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The Assembly Finance and Appropriations Committees have approved their taxing and spending budget packages. Negotiations with the Governor’s Office on a final budget are ongoing.

Key differences in Budget Proposals: There is very little difference on the spending side. On taxes, the Legislature’s includes a 2% tax on investment income of the top 1% of earners and substantially reduces the Governor’s sales tax expansion, rejecting his plan to tax professional services (Accountants, Lawyers, Haircuts), a number of grocery items and other previously exempted products.


Details on tolls are being negotiated behind closed doors. It is likely the tolling plan would include new tolls on the major highways, and 50+ new electronic gantries. A summary of the pending legislation includes a five cent per gallon gasoline tax reduction over 5 years, monthly credits for low income individuals and families to be added to their EZ passes automatically, a reduction in bus fares, and the formation of a bi-partisan commission to oversee toll operations. A Republican plan to fund $65B in spending over 30 years with state borrowing and leveraging federal funds was rejected by Lamont who continues to press for tolls. The tolling issue may be pushed to a special session this summer. The Finance Committee approved a study commission, toll revenues would be years away.

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The Governor’s Budget includes a $9.1B restructure of State pension contributions due over the next 13 years. This plan is intended to allow the State to make up for 70 years of underfunding the State’s pension liabilities over a longer period (30 years). The Governor’s plan is under criticism from some Democrats who would prefer to see a non-debt solution such as an income tax increase on wealthy residents, over a refinancing of these obligations.

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A new $15 minimum wage approved by the House and Senate - the roll out period being negotiated. The Governor proposed 4 years to take today’s $10.10 up to $15. Progressive Democrats are suggesting sooner- 2023.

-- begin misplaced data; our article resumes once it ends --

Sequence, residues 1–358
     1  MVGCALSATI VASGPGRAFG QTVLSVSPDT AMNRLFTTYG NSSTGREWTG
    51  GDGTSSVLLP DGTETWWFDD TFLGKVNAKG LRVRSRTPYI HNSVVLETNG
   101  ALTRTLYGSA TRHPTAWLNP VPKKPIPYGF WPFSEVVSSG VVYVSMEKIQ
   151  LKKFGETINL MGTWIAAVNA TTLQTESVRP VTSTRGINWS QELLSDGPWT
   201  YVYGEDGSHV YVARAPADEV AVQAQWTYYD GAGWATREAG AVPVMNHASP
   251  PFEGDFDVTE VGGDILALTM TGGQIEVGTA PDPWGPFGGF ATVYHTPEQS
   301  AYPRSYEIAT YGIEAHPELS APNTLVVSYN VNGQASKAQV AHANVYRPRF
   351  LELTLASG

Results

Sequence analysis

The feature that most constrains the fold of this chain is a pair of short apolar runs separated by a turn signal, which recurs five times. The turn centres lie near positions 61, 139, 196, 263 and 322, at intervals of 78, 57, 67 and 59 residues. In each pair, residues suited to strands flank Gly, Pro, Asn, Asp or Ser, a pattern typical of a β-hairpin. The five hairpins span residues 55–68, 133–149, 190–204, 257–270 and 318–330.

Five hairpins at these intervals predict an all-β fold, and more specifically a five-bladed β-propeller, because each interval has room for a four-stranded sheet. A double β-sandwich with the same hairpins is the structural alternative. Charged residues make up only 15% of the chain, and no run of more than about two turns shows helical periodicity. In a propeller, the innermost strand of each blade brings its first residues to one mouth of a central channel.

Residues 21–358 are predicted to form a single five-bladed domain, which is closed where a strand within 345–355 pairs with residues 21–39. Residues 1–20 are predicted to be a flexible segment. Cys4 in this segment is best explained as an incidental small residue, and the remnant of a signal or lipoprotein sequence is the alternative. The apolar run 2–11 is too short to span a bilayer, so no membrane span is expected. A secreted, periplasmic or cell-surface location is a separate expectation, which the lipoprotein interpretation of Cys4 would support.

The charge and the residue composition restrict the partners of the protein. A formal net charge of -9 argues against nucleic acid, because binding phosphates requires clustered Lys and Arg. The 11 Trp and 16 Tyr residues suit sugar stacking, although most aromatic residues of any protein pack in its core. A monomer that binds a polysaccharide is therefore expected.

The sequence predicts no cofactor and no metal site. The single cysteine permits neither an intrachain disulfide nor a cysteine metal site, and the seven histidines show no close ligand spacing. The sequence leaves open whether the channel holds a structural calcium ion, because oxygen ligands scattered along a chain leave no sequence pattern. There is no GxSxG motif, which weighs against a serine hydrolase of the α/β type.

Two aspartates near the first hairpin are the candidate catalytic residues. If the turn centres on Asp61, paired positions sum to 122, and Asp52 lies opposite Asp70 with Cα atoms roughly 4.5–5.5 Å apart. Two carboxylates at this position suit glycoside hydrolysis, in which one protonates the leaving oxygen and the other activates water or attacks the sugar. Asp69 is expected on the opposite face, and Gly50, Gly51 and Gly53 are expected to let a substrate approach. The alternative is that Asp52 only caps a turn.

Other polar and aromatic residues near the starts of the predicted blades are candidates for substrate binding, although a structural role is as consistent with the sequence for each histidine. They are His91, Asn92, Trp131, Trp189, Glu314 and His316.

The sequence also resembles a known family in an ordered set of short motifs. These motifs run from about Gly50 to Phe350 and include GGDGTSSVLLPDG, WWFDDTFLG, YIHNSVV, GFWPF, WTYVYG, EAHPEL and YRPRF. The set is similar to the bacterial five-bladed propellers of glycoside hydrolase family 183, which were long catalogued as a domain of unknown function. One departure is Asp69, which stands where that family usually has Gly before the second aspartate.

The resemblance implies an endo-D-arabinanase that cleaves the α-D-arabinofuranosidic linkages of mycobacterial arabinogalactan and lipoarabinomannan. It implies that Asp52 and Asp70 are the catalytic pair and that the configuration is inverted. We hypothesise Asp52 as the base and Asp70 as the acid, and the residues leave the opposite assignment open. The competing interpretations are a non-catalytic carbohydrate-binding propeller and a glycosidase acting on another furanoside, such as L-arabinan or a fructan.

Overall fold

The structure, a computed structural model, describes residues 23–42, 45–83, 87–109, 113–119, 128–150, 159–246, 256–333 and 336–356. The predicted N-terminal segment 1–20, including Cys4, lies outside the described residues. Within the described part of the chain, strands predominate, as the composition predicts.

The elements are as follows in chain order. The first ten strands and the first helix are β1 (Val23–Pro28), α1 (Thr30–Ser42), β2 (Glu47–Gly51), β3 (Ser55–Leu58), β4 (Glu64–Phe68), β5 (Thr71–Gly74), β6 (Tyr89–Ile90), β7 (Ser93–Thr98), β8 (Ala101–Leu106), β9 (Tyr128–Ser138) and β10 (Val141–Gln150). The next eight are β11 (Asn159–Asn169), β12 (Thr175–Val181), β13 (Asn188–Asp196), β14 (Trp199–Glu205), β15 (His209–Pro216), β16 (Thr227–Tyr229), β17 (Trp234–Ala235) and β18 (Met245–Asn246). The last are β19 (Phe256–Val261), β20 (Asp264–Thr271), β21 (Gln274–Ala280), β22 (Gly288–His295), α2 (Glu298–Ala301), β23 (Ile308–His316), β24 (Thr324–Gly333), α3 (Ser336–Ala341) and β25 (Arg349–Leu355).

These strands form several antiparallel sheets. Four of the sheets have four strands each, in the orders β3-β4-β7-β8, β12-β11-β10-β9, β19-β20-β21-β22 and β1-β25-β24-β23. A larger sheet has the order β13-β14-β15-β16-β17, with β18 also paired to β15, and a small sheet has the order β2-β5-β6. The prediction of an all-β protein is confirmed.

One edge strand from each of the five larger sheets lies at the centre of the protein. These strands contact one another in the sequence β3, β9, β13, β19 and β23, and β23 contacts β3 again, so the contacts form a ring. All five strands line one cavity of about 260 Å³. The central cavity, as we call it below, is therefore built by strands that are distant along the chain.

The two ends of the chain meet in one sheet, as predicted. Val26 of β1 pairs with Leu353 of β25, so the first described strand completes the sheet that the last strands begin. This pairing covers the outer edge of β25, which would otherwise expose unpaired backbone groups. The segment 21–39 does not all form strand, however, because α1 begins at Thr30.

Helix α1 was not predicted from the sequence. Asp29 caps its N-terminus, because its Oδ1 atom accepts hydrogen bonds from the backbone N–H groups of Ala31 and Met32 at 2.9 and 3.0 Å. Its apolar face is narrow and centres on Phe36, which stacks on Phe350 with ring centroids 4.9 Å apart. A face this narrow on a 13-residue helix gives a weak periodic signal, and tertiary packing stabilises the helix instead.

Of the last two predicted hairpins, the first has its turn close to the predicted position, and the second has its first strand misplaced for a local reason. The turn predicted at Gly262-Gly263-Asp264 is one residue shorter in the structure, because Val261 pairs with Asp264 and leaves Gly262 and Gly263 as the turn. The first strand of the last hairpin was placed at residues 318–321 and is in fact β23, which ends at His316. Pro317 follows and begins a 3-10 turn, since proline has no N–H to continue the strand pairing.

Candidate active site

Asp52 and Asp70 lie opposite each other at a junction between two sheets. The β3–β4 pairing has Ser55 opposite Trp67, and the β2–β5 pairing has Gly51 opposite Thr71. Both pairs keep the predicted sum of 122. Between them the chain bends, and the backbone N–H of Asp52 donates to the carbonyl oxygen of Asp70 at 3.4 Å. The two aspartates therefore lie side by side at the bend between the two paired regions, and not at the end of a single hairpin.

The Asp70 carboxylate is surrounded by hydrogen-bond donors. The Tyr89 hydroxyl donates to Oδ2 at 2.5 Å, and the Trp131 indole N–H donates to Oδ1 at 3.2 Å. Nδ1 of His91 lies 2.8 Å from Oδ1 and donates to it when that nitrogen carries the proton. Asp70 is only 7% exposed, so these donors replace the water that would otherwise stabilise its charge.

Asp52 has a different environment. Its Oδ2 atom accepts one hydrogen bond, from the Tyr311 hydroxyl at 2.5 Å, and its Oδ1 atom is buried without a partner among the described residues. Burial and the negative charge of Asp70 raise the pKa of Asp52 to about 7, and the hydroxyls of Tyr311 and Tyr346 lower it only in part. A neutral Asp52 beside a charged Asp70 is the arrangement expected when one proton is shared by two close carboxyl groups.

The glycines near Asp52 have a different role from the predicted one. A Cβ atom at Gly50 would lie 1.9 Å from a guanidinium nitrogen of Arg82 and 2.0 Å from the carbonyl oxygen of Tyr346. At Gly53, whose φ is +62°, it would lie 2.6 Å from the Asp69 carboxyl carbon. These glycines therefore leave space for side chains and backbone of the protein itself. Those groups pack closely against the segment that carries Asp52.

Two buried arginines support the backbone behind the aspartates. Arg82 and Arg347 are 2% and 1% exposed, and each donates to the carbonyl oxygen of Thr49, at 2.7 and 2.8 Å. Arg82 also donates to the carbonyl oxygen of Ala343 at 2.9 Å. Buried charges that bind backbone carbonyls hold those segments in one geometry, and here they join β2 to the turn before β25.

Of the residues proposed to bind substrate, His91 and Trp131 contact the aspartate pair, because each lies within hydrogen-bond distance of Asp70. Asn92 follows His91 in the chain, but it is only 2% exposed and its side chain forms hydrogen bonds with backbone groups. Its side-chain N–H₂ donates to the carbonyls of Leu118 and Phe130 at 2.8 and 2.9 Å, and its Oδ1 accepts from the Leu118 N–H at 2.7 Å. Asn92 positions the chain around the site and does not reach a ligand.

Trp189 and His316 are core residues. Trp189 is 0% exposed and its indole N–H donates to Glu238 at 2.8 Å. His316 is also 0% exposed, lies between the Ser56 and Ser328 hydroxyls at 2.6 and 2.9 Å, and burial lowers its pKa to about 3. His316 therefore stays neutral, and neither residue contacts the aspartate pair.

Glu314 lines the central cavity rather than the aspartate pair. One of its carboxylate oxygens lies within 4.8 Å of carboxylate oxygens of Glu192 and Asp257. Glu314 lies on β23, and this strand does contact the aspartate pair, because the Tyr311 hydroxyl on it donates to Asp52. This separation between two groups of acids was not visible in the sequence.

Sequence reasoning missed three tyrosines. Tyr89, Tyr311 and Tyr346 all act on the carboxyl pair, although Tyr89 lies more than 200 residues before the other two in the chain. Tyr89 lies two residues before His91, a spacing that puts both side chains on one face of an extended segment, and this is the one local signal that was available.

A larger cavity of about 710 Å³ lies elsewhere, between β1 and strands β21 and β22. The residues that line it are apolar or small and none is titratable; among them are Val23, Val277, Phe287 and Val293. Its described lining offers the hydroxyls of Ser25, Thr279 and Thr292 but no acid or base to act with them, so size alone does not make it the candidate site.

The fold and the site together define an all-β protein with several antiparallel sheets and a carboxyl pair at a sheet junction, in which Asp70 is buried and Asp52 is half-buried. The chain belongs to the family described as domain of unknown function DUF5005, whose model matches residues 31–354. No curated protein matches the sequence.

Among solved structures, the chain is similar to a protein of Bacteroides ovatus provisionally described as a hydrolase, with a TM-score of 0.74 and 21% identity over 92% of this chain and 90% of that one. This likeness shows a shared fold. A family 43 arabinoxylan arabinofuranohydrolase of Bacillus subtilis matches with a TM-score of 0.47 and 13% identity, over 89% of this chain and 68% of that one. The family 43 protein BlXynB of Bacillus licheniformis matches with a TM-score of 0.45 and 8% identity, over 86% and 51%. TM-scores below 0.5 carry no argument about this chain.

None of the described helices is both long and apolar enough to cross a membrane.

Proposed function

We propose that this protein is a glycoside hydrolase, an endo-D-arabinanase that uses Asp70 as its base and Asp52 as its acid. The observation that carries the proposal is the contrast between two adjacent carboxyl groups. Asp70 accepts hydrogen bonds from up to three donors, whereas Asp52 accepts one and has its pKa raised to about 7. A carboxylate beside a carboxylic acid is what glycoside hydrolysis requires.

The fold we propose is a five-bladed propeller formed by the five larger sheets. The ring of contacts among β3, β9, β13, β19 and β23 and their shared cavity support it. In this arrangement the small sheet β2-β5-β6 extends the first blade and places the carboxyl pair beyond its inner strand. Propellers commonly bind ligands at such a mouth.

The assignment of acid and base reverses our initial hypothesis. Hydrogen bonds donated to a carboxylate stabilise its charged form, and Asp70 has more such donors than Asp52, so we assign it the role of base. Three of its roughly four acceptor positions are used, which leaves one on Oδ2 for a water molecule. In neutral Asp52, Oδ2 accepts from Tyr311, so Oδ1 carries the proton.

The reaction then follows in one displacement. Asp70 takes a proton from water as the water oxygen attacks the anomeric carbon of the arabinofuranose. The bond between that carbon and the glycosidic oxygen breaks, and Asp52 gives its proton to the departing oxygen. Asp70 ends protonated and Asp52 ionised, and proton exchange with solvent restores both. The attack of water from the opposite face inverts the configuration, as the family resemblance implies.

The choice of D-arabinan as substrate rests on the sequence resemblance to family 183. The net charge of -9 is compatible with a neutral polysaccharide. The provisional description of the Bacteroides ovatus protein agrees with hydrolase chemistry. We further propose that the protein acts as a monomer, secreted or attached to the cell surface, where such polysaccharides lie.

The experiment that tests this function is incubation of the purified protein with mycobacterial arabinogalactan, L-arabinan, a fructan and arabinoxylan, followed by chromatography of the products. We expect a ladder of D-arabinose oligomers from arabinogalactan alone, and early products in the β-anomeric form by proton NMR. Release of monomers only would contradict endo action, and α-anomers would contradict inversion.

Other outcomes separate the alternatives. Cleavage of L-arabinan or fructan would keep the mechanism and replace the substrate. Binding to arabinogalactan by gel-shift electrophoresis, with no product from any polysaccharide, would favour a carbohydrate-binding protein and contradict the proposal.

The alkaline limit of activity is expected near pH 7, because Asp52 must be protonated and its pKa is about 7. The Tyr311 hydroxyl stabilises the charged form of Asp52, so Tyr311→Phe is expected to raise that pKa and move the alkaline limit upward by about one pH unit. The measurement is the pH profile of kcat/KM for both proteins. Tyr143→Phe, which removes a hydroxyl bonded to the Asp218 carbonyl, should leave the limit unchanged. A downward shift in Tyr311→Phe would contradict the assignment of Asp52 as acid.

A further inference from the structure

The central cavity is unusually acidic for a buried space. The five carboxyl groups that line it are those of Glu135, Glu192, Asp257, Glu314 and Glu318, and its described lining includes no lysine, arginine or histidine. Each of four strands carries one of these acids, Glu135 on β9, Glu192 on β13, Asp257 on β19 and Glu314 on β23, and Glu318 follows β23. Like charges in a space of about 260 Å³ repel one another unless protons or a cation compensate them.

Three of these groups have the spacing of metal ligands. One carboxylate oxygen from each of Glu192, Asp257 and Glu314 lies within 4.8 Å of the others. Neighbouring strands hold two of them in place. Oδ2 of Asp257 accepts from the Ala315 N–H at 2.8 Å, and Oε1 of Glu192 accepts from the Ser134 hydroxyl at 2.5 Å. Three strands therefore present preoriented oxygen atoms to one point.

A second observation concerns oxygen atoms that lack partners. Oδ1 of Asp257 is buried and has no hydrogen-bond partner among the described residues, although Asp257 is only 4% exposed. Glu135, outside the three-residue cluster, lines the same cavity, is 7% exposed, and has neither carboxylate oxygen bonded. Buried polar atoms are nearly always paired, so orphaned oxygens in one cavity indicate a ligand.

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Likely to pass this session, many details are still open. Main discussion is for a 0.5% payroll tax on all employees to be used to fund a Family Medical Leave Trust Fund. State Legislators want a program managed by the Department of Labor, the Governor proposes a private sector managed program.


The Governor is negotiating sports betting, adding a casino in Bridgeport and online lottery games with the State’s Indian tribes. Legislators will require sports betting and Bridgeport casino to advance together, which could endanger prospects for both.

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Proposed legislation remains alive but has many opponents in the legislature including almost all Republicans and some Democrats. The Bill would clear criminal records for small amounts of Marijuana, fund treatment organizations, develop tests for driving under the influence, and find ways to get inner city communities involved in a new retail cannabis market.

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The Governor proposed cutting borrowing by $600MM (about one third) annually, through the State Bond Commission. Democratic legislators did not support this in their plan. The Assembly’s Finance, Revenue and Bonding Committee voted (with bipartisan support) to give control of the Bond Commission to legislators. The Governor and Democrats will now have to negotiate a borrowing plan.

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A Bill (ConnectHealth) to create a public option was introduced, lowering coverage cost to people without employer provided health insurance. It would also permit small businesses and non-profits to obtain this coverage. The effect on the state’s private insurers is a concern.


The House approved an increase in the age for sales of all tobacco products, including e- cigarettes, from 18 to 21.


House will hold off voting on prohibiting parents from citing religion as a reason not to vaccinate their school-age children, awaiting further study of how to deal with unvaccinated children already in school.

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The House voted overwhelmingly (134-10) to permit wind turbines in federal waters 40-60 miles off the coast of New London. It would take 10 years to construct the 1000 turbines. Lamont said the State is working hard to make Connecticut the center hub of the offshore wind industry in New England and that this legislation brings the State closer to making this a reality.

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The House approved and sent to the Senate legislation to clarify and expand the ability of the State Attorney General’s Office to investigate and seek civil penalties for hate crimes and civil rights offenses. Connecticut would become the 23rd state with a civil rights division within its Attorney General’s Office.